Embodying Willamette’s motto — 50 years out

As new students make their presence felt on campus each fall season, so do alumni — in some surprising ways.

The 50th-year class is always center-stage at September’s Alumni Weekend, and while their reunion is typically marked by festivity, reminiscing and catching up, it is also made visible by a class giving program that has become a robust Willamette University tradition.

This year, the class of 1961 formally unveiled a student scholarship program by delivering a check to Willamette University President Steve Thorsett for nearly $1 million; the resulting endowed fund will be used to help deserving students who need additional financial support. Since their 45th reunion, the class has donated close to $2 million.

Most impressive, though, is that they have actually been awarding scholarships for four years now.

“When they began their project in 2006, the class decided that they didn’t want to wait,” says Matt Senecal, assistant vice president for major gifts. Senecal works with each 50th-reunion class in the years leading up to their reunion main event, and he’s seen a lot of ideas come up.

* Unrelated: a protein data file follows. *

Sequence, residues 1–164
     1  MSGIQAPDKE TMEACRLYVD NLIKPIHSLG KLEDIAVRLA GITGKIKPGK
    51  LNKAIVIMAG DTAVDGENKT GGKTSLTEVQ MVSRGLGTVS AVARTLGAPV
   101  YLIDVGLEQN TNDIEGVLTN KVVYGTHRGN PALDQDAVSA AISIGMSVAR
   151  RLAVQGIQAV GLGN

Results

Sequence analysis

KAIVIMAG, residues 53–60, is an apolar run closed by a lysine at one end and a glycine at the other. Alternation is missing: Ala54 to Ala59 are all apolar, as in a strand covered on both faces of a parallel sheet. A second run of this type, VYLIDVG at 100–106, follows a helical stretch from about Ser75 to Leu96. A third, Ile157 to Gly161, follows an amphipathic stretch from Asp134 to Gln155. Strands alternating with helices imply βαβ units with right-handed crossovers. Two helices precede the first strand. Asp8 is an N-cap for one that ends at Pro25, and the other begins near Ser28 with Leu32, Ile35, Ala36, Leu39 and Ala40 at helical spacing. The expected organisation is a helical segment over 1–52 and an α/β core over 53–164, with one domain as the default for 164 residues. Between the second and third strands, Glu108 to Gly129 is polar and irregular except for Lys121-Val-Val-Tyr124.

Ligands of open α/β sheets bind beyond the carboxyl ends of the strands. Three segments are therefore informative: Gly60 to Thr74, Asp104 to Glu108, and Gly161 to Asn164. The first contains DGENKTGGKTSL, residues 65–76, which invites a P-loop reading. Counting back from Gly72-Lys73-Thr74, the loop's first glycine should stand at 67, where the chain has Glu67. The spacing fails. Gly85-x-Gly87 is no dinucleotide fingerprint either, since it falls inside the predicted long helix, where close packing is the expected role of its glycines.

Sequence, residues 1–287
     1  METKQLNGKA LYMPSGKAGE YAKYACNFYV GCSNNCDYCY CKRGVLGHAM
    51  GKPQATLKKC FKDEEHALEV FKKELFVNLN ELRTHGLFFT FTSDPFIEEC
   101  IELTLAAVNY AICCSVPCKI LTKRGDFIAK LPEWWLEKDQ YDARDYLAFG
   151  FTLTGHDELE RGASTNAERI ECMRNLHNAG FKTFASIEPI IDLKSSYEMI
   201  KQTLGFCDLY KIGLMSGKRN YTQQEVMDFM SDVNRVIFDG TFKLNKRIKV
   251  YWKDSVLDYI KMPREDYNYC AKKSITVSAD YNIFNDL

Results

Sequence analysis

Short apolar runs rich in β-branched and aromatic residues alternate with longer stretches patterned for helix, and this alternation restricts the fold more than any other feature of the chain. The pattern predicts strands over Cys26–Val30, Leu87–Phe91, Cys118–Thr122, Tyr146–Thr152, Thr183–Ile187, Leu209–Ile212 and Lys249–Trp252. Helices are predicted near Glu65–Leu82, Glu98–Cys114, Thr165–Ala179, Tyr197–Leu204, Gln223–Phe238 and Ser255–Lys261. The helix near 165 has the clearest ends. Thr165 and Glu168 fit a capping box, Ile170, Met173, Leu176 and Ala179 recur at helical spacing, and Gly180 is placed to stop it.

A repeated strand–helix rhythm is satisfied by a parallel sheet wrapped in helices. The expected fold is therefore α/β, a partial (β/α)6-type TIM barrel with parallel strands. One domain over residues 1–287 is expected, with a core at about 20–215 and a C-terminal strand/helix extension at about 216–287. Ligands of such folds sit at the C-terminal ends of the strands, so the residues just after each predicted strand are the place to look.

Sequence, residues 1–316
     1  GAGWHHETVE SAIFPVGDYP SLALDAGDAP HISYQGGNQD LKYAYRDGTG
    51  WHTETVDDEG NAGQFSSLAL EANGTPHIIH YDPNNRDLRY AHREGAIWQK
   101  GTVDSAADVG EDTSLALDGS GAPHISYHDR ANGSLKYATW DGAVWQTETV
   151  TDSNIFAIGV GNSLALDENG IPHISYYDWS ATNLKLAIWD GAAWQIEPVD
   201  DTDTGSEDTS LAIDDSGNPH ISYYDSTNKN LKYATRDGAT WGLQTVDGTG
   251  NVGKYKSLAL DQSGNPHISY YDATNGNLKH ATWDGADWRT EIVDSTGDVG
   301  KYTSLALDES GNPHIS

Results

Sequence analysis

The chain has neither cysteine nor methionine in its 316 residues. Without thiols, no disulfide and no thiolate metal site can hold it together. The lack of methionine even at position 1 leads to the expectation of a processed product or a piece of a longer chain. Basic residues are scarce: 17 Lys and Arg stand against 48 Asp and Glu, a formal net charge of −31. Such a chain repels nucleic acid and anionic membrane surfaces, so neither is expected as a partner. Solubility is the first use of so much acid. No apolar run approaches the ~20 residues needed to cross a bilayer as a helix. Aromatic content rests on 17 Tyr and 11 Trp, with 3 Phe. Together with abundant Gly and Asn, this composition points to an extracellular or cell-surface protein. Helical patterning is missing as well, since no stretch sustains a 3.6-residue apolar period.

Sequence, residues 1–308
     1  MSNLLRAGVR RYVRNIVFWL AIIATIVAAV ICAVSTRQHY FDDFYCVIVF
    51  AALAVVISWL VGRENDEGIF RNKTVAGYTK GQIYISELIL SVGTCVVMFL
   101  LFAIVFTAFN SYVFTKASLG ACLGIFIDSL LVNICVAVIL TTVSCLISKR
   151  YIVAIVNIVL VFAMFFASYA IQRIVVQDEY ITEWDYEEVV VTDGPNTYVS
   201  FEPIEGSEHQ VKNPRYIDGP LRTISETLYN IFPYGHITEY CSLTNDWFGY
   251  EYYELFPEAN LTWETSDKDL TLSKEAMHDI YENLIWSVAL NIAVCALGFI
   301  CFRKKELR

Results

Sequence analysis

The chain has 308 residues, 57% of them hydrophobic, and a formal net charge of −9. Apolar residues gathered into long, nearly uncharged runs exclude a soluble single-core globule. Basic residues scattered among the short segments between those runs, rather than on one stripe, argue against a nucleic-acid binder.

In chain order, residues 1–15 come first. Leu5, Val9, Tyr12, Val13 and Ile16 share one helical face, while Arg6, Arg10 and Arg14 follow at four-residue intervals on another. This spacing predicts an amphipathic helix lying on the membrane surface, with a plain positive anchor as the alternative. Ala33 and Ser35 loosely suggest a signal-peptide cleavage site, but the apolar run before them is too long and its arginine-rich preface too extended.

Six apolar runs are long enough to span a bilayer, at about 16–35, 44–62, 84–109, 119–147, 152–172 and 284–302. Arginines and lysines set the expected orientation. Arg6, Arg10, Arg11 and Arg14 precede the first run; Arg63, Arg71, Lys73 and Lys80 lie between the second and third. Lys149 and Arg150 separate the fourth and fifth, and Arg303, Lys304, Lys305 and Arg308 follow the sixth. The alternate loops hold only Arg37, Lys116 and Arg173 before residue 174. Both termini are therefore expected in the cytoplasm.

“The class of 1961 did something novel by raising enough money on the front end to award partial scholarships over the years leading up to their reunion,” he says. Now that Alumni Weekend has passed, the scholarship program will turn into a full-tuition award. “This is an extremely timely gesture given the economy. The class really stepped up.”

Not just the 50th class

The 10th and 25th reunion classes have upped their games as well, each celebrating their reunion in part by raising additional funds for the College of Liberal Arts.  

The class of 2001 reunion giving committee set an ambitious goal of raising $10,000 in unrestricted gifts for the College of Liberal Arts before Dec. 31, 2011; the class has raised $8,595 to directly support students and faculty. They continue to reach out to their classmates to encourage fulfillment of the goal.

Bryn Berglund ’01 has helped the effort take shape as project chair. “Even those of us who graduated recently can forget how much alumni donations empowered us when we were students,” she says. “Our reunion giving committee decided to do something about it, and it has been a great affirmation of WU spirit and support.”

Truman Collins ‘86 and Jim Green ‘86, have challenged their 25th-reunion class to raise $25,000 in additional resources for the College of Liberal Arts before year’s end. To entice other classmates, they have agreed to match every gift dollar-for-dollar until the group meets the $25,000 goal. This means that an additional $50,000 for WU students and faculty is potentially waiting in the near future. The Bearcat 25th Reunion Challenge currently stands at $10,736 toward the fundraising goal.  

To learn more about reunions or giving, visit the alumni relations and support websites.